Tribal women carry bundles of twigs and leaves near Shantiniketan, 150 km northwest of Calcutta. Photo: Reuters
Neither scepticism of nor misinformation about vaccines is new – but in the rush to ensure everyone is vaccinated, and the attendant panoply of issues, we should also ensure tribal communities around India have access to vaccines and that they agree to take them.
Despite their relative isolation, members of many tribal groups around India have tested positive for COVID-19.
Tribal people account for around 370 million people in 70 countries around the world. In India, they make up 8.2% of the population. According to the Anthropological Survey of India, India is home to 461 communities, of which 174 are identified as sub-groups, in 212 tribes.
Due to nutritional and health discrepancies among these communities, their members often distrust government policies, and this in turn could hamper the vaccination drive. Their members are also often unaware of the importance of vaccination. The work of the French sociologist Pierre Bourdieu has found that one’s social practices and dispositions, linked in turn to social capital, acceptance in one’s social milieu and consumption patterns, determine their attitude towards vaccination.
Infectious diseases, but especially COVID-19, can be deadlier among tribal people because they live in groups and migrate in search of livelihoods. This reality is compounded by the fact that many of them are illiterate, have poor access to maternal and child care, are malnourished and often lack access to proper sanitation.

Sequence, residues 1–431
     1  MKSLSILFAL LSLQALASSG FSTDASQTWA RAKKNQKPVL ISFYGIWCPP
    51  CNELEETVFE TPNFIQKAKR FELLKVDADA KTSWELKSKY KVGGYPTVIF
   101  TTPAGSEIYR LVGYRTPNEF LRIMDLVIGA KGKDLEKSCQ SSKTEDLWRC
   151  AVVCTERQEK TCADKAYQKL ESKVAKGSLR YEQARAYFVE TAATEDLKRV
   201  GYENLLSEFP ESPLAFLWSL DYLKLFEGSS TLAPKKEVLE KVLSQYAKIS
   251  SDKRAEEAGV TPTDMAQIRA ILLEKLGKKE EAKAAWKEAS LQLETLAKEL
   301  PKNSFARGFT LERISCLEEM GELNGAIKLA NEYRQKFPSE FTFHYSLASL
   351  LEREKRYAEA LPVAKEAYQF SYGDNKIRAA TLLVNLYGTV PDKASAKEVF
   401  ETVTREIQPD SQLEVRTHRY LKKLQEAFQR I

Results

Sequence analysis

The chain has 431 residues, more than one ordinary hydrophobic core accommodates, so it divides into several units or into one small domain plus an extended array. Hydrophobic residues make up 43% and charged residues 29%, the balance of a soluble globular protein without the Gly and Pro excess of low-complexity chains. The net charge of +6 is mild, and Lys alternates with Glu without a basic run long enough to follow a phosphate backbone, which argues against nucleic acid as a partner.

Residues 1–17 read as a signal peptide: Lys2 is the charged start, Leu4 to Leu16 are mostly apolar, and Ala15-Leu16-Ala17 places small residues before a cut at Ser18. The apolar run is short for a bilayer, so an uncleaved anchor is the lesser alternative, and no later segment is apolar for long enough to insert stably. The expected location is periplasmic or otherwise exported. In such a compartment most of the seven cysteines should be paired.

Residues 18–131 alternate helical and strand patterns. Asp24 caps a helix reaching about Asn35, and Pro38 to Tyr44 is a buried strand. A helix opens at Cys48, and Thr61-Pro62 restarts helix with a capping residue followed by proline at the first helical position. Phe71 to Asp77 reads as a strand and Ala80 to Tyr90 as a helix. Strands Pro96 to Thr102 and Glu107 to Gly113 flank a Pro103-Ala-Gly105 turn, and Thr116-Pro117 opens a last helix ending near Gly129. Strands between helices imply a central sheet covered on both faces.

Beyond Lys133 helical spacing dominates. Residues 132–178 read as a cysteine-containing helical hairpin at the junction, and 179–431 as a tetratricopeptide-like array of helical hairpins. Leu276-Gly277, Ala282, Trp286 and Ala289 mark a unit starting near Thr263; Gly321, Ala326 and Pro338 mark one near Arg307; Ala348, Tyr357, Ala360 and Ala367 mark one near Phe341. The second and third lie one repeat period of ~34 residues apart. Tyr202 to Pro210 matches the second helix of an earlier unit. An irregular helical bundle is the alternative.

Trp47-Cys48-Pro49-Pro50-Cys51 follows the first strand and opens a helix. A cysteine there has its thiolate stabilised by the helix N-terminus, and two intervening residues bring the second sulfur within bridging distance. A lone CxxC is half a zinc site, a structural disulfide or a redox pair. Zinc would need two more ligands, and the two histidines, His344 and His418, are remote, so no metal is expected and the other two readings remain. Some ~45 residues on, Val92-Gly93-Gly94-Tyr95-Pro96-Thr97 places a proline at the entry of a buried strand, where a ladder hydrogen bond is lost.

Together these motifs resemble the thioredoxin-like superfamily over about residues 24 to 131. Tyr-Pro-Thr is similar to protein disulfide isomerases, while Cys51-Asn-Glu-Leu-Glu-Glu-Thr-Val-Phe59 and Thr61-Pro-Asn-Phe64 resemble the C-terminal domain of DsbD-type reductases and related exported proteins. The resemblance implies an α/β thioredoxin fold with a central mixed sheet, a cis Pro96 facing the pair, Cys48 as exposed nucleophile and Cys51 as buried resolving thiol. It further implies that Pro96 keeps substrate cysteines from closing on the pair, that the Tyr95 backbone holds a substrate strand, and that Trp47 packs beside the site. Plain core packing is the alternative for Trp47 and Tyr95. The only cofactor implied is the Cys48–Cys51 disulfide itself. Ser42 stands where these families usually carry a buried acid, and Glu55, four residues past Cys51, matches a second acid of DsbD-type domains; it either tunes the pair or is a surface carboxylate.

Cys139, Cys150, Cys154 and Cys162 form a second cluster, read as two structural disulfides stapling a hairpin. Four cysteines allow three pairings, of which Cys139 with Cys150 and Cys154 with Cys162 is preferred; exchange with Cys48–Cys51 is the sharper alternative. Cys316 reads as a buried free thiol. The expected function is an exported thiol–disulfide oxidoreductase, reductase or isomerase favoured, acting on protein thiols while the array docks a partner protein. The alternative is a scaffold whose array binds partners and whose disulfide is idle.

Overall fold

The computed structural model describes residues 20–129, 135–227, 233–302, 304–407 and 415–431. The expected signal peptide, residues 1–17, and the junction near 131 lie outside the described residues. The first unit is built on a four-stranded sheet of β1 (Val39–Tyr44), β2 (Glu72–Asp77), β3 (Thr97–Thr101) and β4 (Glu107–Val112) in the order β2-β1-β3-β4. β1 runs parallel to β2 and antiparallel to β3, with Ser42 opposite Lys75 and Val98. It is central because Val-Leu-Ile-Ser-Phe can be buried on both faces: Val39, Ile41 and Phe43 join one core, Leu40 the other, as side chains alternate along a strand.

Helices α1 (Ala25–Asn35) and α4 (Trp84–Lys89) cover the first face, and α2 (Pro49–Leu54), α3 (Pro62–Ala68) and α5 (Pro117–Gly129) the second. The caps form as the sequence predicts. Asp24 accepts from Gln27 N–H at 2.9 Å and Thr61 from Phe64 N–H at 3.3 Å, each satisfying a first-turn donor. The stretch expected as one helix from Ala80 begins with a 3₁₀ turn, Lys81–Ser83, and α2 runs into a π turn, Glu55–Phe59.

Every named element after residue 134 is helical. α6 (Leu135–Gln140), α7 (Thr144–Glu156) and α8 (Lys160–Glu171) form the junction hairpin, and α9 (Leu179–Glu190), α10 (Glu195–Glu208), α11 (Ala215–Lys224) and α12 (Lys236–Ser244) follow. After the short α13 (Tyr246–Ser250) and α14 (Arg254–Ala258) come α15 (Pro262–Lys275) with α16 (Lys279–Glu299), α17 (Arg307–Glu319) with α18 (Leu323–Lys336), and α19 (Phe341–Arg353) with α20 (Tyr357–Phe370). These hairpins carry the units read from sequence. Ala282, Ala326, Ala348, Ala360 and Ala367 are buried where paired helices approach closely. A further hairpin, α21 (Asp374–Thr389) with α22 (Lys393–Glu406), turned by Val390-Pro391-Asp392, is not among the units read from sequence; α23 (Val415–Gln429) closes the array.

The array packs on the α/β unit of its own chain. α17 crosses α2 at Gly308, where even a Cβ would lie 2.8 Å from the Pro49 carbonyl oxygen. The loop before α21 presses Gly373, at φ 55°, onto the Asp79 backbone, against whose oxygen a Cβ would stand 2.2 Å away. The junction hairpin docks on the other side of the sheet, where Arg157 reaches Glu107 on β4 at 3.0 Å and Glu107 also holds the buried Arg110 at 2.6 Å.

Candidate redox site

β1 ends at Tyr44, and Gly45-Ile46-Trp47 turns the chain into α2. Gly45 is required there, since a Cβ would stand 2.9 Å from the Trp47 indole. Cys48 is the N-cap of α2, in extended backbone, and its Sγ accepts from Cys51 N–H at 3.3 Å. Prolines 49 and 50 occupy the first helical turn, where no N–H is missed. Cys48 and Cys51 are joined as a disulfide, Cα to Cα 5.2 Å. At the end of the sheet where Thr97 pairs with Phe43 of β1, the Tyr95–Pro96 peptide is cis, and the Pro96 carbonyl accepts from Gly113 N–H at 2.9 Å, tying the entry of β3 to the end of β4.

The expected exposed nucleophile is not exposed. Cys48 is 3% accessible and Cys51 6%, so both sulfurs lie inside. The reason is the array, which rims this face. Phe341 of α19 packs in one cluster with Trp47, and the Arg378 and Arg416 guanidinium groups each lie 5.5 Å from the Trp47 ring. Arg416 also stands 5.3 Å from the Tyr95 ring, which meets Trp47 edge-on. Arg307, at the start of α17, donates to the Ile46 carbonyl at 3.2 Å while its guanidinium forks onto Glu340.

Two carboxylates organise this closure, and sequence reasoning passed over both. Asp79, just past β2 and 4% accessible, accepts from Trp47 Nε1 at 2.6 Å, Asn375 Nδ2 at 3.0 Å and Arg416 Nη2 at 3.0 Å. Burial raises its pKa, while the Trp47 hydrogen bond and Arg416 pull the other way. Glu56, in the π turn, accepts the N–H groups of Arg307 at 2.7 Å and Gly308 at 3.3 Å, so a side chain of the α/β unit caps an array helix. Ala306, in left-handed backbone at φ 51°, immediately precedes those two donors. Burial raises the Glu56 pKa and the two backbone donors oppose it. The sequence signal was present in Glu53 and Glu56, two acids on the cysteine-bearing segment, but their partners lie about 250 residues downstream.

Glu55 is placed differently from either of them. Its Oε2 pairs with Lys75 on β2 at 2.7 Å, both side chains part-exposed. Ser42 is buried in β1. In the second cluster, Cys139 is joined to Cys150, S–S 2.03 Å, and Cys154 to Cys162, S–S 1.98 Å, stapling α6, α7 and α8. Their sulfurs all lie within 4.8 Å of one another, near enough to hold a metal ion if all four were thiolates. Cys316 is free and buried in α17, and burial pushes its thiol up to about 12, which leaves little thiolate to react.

Tribal people have been generally found to be reluctant to get themselves vaccinated because of how their communities have been affected by colonialism, and because of their isolation from the mainstream.
In Tamil Nadu and Telangana, officials and activists have taken measures to spread awareness among tribal communities of the need to get vaccinated. Jharkhand has translated awareness messaging to tribal dialects. Karnataka has erected outreach centres to vaccinate people living in tribal hamlets. In Odisha, the government and village forest protection committees resources have together forest produce that could serve as remedies to ill people.
In Maharashtra, on the other hand, the turnout for vaccines in tribal and rural areas has been poor, likely because the registration portal, Co-WIN, presents a significant technological barrier. It requires technological literacy, an internet-capable device and network connectivity to use.
Aside from state efforts (or lack of them), many tribal communities have also withdrawn from the vaccination campaign for reasons that have turned away many others as well – such as misinformation about vaccine-induced disease.
Overall, vaccination coverage has been moderate to poor in India’s rural and tribal hinterlands.
Given these issues, governments, civil society and journalists should help in the efforts to shield tribal people from COVID-19, improve their physical access to infrastructure and interpersonal communication, and intensify awareness drives.
For these communities to survive and develop, their members need to be sensitised about the significance of vaccination as a public health measure. Those engaged in these efforts can enlist the help of tribal leaders – as voices of authority that belong to the same community as those the messages target, these people are likely to have a greater impact.
Nupur Pattanaik teaches sociology at the Central University of Odisha.